Q&A with Steve Polasky

What did you study?

This particular study was the result of a several year process of the Intergovernmental Science-Policy Platform on Biodiversity and Ecosystem Services (IPBES) to assemble and synthesize the status and trends of nature and nature’s contributions to people as well as projecting scenarios of what the future might look like. My particular portion of this study focused on nature’s contributions to people. In general, I study the intersection of ecology and economics, everything from how to influence human decisions, how human decisions affect ecosystems, how changes in ecosystems affect human well-being through changes in ecosystem services, to the value or importance of ecosystem services.

If you were a plant, what species would you be and why?

Douglas fir. They live in one of my favorite places in the world (Cascade and Coast Ranges in Oregon). They grow with many buddies (i.e., a forest). They are always tall and always green. They are the dominant tree in the forest in a place where forests define the region.

Why do you work on environmental problems?

I have been interested in environmental issues since I was in elementary school. I grew during the time of the first Earth Day, the formation of the Environmental Protection Agency, and the start of all the modern environmental laws in the U.S. (Clean Air Act, Clean Water Act, Endangered Species Act…). Resolving environmental problems always seemed important because of the impact that human actions had on other species with whom we share the planet as well as having fundamental impacts on human well-being.

How did you come to contemplate decision analysis and why?

Economics is fundamentally decision analysis. In its normative form, a typical economics problem will study what an individual or firm should decide to in order to maximize their payoffs. In its positive form, economics studies the decisions the people make and how decisions are influenced by incentives, financial or otherwise.

What did your career pathway to where you are now look like?

My first job out of graduate school was in a typical economics department where the faculty focused on traditional economic topics. They hired me because I understood game theory, industrial organization, public finance and other topics in applied microeconomics. The environment was not important for them. However, I was more interested in the environment than economic per se. I viewed economics as a set of good tools with which to tackle environmental problems. While on the East Coast I had the good fortune to spend part of my time at the Woods Hole Oceanographic Institution, where I started working on a project on biodiversity. I soon left for the West Coast (a job at Oregon State) and found myself immersed in all kinds of environmental issues – spotted owl, salmon, land use, water use. I was in my element. I have stayed working on these types of issues ever since.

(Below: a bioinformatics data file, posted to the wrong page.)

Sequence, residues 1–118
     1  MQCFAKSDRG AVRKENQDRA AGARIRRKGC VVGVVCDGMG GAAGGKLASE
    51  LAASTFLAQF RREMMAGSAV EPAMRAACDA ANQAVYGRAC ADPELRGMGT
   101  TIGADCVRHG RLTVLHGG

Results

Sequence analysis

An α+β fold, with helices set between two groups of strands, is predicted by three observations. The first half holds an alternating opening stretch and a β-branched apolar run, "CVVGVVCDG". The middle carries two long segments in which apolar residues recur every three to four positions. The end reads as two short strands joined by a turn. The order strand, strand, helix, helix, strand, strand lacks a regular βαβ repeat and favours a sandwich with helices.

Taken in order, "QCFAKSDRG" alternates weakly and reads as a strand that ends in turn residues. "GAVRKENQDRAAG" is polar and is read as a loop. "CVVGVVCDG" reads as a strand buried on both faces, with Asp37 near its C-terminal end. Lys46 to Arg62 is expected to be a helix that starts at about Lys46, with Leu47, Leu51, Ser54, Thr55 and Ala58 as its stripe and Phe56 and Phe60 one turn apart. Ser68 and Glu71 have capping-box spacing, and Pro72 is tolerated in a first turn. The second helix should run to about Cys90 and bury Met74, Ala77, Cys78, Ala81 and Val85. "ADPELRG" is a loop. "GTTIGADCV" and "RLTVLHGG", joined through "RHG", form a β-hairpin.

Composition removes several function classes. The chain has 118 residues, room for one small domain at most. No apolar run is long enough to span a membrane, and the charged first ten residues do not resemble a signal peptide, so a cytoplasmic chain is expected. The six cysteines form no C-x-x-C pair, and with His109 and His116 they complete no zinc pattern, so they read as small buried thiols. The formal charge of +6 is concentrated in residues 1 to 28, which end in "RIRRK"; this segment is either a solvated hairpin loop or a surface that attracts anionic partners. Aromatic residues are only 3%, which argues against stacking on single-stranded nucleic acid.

What is the hardest career decision you have made, would you change it if you could?

I have not really had hard choices to make. I guess the hardest choice was whether to stay at Oregon State University or move to University of Minnesota, where I was offered an interdisciplinary position between the Applied Economics Department and the Ecology, Evolution and Behavior Department. I chose to go to Minnesota for the great opportunity despite my love for Oregon.

What is your best piece of advice for an early career researcher in the environmental sphere?

Learn useful tools early in your career (it is harder to do so later) but keep your eyes on the big environmental issues and be persistent. Making progress on environmental issues requires tenacity, as does making a good professional career. 

If you had one wish, what environmental issue would you solve and why?

I would solve the sustainable production/consumption challenge of figuring out how to supply the needed food, water, energy and material goods for society so that we don’t degrade our own life-support system. Doing this would aid in solving a good many environmental problems.